Facebook has rolled out an option for end-to-end encryption to one-on-one voice and video calls in Messenger, the company said.
The company has offered an option to secure one-on-one text chats with end-to-end encryption since 2016, and is now adding the option to audio and video calls.
The company said Messenger is now seeing more than 150 million video calls a day.
“Now… you can secure your audio and video calls with this same technology, if you choose,” Facebook said in a statement.
End-to-end encryption is already widely used on Facebok’s WhatsApp, as well as Zoom, Signal, Apple’s FaceTime and other platforms.
The technology means only those on a call have access to it, with even Facebook unable to decrypt messages.
The company said the technology was “becoming the industry standard”.
Facebook also said it has updated the controls for disappearing messages within end-to-end encrypted chats, allowing those in the chat to choose the amount of time before all new messages disappear, from 5 seconds up to 24 hours.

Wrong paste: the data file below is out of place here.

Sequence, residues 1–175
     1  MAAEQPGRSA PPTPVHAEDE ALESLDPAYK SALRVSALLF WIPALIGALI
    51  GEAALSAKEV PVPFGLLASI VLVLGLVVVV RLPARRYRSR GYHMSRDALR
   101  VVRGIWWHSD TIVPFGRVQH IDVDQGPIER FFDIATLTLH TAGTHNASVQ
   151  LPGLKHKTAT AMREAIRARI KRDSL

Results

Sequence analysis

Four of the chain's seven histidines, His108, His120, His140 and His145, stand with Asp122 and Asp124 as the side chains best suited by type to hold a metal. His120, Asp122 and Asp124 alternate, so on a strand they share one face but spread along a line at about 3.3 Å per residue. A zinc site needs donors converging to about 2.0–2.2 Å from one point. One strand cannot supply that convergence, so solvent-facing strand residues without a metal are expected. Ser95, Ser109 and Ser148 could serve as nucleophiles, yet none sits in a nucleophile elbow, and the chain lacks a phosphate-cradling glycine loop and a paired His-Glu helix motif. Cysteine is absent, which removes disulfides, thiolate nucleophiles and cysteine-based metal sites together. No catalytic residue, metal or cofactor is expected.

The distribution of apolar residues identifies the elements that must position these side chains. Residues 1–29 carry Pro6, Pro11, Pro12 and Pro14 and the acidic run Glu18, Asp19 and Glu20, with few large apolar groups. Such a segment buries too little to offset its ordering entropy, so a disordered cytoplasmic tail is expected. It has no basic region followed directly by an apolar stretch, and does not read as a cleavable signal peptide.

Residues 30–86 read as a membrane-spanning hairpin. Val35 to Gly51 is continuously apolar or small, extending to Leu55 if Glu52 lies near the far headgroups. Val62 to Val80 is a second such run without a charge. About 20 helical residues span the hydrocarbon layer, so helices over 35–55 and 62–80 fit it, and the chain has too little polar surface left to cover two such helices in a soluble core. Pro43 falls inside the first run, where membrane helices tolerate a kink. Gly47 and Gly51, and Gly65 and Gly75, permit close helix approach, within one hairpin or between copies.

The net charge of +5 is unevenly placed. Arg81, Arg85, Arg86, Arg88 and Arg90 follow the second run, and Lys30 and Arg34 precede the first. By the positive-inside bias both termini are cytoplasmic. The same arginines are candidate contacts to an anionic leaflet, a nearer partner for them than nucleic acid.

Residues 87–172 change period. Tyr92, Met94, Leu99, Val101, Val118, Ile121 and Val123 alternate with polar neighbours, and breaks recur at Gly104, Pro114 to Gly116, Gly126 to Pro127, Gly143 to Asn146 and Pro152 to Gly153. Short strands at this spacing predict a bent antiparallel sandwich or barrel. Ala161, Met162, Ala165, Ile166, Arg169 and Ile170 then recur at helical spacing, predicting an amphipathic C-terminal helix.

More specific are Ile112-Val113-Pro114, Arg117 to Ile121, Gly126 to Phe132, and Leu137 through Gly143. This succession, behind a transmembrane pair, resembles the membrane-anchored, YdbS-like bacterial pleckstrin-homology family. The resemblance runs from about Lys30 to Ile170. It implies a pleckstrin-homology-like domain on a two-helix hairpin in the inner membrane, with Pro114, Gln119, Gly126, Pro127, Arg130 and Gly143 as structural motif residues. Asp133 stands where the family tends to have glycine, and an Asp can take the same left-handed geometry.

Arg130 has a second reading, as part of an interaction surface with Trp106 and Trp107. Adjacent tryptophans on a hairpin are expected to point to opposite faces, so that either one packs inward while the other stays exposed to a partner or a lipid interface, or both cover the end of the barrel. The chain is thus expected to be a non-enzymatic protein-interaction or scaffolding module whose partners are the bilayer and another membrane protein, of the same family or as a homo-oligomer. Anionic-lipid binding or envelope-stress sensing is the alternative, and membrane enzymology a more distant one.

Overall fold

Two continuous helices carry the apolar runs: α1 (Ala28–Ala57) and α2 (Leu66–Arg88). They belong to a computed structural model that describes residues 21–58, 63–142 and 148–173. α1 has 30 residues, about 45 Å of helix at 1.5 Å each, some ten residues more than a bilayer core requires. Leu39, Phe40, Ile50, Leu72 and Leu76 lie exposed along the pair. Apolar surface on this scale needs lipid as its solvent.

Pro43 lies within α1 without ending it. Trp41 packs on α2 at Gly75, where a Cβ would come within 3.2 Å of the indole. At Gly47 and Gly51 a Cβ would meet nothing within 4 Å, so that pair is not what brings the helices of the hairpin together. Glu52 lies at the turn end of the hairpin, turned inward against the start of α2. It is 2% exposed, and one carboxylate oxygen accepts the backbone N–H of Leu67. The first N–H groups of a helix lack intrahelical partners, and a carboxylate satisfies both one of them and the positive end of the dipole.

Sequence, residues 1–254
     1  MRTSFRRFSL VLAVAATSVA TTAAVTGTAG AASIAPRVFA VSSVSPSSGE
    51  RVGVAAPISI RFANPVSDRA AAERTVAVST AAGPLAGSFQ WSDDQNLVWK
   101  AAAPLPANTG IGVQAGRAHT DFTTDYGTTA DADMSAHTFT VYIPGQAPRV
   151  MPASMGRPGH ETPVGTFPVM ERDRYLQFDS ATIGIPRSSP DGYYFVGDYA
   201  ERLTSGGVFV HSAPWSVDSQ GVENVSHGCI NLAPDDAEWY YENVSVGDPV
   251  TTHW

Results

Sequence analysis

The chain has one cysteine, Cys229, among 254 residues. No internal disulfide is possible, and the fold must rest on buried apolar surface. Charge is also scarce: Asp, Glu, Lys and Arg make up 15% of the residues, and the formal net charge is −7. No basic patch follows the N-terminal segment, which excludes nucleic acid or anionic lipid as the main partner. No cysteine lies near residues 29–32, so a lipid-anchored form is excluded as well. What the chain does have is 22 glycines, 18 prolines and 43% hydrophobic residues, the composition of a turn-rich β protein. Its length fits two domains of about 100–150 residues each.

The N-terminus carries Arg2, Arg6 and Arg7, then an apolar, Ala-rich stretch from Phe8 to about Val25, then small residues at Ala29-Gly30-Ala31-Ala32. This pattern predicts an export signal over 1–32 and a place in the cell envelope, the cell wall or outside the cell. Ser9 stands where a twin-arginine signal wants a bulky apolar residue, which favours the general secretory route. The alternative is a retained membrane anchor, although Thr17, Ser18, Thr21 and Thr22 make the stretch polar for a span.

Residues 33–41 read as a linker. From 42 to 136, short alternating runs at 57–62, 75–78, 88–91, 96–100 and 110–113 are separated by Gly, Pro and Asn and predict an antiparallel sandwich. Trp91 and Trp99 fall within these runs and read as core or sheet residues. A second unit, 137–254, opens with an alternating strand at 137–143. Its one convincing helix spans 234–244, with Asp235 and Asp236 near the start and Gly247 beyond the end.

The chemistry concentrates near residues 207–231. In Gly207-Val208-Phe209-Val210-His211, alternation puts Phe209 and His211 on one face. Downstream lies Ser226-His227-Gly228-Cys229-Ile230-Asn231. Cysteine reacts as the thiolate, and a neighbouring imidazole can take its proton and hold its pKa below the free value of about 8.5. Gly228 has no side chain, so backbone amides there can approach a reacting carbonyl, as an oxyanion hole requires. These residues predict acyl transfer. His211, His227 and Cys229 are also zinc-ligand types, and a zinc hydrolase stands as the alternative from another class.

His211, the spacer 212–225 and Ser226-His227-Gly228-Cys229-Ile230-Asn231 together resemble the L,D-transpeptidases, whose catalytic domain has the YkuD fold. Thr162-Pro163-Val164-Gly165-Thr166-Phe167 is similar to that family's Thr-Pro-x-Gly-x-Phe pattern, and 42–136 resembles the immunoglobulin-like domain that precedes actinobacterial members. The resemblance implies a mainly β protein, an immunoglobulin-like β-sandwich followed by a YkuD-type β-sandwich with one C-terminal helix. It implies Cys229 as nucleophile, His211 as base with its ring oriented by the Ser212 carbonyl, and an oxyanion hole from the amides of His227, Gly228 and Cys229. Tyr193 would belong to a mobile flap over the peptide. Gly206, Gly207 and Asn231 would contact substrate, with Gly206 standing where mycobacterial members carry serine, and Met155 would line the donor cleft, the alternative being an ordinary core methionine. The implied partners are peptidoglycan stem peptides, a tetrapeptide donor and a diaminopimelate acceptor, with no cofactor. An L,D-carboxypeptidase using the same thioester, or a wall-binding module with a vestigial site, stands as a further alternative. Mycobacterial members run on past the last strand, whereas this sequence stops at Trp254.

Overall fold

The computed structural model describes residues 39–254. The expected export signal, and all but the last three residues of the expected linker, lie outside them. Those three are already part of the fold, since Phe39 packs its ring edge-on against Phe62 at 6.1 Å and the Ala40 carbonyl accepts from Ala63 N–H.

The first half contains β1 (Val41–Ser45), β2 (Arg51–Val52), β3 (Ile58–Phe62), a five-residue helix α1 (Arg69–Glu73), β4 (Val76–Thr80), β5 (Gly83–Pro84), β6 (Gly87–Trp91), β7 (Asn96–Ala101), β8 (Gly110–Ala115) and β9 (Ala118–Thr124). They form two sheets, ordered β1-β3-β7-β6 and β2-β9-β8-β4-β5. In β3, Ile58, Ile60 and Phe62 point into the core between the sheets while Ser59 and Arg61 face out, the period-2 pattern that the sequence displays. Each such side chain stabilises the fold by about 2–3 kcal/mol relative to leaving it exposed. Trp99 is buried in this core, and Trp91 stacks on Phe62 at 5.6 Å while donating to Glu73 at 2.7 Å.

In the coming weeks the company said it’s planning to test additional messaging features, including adding end-to-end encryption to group chats and calls on Messenger.
The feature will be available for friends and family that already have an existing chat thread or are already connected, Facebook said.
New controls are also planned for preventing unwanted interactions, deciding who can reach a user’s chats list and who can’t message a user at all.
Another limited test, which will include adults in certain unnamed countries, is to allow users to opt-in to end-to-end encrypted messages and calls for one-on-one conversations on Instagram.
Similar to the way Messenger currently works, users will need to have an existing chat or be following one another to start an end-to-end encrypted direct message.
Last year a report indicated Facebook may be planning to enable WhatsApp and Messenger users to chat with one another, but so far that feature hasn’t come to light.